The 10 Best Fast-charging Power Banks
This wiki has been updated 6 times since it was first published in May of 2020. These fast-charging power banks dole out juice quickly and safely when there's no AC outlet around. All of these options use either USB Power Delivery, commonly referred to as PD, or Qualcomm's Quick Charge technology. To maximize speed, you'll need to make certain that what you choose is compatible with your smartphone's fast-charging specifications and that you use a high-speed AC adapter. When users buy our independently chosen editorial selections, we may earn commissions to help fund the Wiki.
June 20, 2020:
The two most common fast-charging technologies are USB Power Delivery, commonly referred to as PD, and Qualcomm's Quick Charge. In the PD Protocol, two devices communicate to set the appropriate wattage to charge quickly. PD 2.0 and 3.0 are more advanced than the first iteration, having more intelligent charging rates for supported devices. To maximize charging capacity, you'll need cables that are designed to be used with quick-charging standards and the wattage of the wall chargers also impacts the speed.
Qualcomm Quick Charge, or QC increases power to the phone by increasing voltage instead of current. QC 2.0 enabled devices can charge at 5V, 9V, or 12V and a QC 3.0 device can charge at voltages between 3.2V and 20V at 200mV increments. Quick Charge utilizes dynamic voltage adjustment, with 200mV steps in version 3.0 and 20mV increments in 4 and beyond. The RavPower PB201 offers both a 60W PD port and a 18-watt QC port.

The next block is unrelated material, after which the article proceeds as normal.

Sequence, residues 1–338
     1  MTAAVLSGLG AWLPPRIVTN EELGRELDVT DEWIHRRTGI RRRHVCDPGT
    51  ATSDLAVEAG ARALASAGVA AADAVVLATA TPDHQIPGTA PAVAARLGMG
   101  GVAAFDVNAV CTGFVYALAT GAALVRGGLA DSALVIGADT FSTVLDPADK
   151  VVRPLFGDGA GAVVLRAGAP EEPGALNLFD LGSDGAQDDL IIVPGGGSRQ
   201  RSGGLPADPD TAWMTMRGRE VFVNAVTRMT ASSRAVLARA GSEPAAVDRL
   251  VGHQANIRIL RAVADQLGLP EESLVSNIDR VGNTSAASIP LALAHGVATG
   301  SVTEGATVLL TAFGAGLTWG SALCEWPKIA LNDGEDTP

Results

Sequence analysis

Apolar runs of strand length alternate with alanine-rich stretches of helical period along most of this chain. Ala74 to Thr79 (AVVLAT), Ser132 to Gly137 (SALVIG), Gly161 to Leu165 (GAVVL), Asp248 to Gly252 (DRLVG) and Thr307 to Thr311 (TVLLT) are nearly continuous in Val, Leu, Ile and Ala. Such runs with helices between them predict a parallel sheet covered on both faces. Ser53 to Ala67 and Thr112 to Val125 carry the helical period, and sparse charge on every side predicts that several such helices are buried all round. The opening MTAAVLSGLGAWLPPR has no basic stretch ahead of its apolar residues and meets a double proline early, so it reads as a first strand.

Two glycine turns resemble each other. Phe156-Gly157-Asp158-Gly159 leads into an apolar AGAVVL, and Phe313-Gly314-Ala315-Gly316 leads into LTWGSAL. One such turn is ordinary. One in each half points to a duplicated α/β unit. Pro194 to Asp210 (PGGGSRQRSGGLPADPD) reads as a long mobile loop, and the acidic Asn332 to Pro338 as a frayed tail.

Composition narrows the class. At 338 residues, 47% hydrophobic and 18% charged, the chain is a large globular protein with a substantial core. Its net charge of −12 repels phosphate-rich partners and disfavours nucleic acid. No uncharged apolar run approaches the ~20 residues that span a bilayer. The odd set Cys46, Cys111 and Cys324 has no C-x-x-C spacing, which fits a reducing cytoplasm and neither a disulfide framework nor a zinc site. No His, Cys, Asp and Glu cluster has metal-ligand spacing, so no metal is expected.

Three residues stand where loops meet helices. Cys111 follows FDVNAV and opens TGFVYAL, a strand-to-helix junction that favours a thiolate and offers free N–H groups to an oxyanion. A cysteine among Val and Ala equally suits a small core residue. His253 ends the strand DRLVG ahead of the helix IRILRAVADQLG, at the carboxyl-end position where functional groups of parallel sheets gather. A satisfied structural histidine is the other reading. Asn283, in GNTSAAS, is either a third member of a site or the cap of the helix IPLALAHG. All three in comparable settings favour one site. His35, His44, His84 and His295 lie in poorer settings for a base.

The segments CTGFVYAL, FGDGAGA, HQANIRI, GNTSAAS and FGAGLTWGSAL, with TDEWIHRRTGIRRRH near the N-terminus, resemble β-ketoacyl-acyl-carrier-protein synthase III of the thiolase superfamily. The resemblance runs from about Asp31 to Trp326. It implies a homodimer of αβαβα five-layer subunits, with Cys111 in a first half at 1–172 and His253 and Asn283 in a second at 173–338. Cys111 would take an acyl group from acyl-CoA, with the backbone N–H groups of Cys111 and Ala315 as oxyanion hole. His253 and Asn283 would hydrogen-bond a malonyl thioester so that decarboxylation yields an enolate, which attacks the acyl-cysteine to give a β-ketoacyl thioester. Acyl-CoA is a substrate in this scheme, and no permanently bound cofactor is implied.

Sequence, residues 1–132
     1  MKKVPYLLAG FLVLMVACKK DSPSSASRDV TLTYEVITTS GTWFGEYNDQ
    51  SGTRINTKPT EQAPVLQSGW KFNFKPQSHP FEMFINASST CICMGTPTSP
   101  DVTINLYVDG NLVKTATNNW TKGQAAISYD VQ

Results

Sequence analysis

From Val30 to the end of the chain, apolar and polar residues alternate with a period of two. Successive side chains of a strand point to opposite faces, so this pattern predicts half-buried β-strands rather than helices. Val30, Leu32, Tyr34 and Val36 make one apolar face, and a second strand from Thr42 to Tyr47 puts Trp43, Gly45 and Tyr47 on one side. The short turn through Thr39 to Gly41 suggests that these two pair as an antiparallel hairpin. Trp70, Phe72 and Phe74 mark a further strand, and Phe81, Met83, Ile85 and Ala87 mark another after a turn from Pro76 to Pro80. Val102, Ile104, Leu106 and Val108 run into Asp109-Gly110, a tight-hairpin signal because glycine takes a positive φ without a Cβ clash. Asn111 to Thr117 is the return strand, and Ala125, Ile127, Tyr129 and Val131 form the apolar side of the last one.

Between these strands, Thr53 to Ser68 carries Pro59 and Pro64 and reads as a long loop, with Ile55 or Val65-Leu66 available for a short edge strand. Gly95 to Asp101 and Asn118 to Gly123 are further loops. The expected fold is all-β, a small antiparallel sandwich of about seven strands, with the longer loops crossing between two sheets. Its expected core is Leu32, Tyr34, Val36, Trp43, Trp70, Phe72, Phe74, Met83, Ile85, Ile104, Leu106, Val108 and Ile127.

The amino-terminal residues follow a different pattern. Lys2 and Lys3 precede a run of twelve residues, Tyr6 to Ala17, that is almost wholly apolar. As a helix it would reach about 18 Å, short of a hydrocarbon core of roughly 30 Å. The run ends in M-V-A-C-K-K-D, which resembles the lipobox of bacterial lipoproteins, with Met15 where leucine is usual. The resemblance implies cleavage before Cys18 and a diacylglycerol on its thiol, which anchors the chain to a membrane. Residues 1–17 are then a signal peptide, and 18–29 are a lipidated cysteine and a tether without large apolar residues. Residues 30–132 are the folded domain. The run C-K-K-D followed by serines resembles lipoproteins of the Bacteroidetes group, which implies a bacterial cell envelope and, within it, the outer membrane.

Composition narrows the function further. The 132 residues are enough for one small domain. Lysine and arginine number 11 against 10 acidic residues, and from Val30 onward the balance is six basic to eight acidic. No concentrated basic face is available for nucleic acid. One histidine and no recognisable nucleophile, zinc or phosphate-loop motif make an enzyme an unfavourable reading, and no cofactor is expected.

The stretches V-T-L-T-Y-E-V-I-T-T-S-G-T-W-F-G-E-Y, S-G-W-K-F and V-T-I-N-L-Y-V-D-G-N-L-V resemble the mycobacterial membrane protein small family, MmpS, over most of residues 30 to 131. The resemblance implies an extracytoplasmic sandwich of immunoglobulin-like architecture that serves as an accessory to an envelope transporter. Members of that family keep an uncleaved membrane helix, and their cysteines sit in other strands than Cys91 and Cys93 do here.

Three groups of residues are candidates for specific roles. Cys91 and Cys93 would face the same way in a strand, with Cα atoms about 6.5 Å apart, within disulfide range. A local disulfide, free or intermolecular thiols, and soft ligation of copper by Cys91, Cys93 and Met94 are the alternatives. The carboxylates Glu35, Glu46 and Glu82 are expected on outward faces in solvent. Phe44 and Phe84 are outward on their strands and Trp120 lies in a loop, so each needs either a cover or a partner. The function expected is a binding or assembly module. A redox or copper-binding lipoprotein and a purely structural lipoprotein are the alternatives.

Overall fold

Anker's PowerIQ 1.0 and 2.0 are slower than Quick Charge and Power Delivery, but PowerIQ 3.0 has caught up and Anker claims it's as fast as Quick Charge 3.0 and can refuel most phones to 50 percent in 30 minutes. The Anker PowerCore 10000 PD Redux and the Anker PowerCore A1281 have this technology.
All of the options on this wiki have what is called "passthrough charging", in which the battery can be plugged into an outlet and charging, while at the same time charging other devices. Power banks rated less than 100 watt-hours, or Wh, can be a carried onto commercial flights without approval. Some power banks are rated higher, like the iMuto X6 Pro which is technically not allowed, so it's important to know the specs before trying to go through security at the airport.
This wiki focuses on power banks specifically designed for their fast-charging capability. Other wikis like best external battery packs highlight other banks not necessarily renowned for their fast charging.
These power banks don't generally include a high-wattage adapter to plug into AC outlets, which can be required to optimize the fastest charging speeds. Some of these adapters can be found by visiting our best multiple usb port chargers page.
Phoenix 300 Made by Renogy, The PHOENIX 300 has a very large 337 watt-hour capacity. It features Power Delivery technology that can give up to 60 watts of power to compatible devices from the USB-C port or up to 18 watts from the Quick Charge USB-A port. renogy.com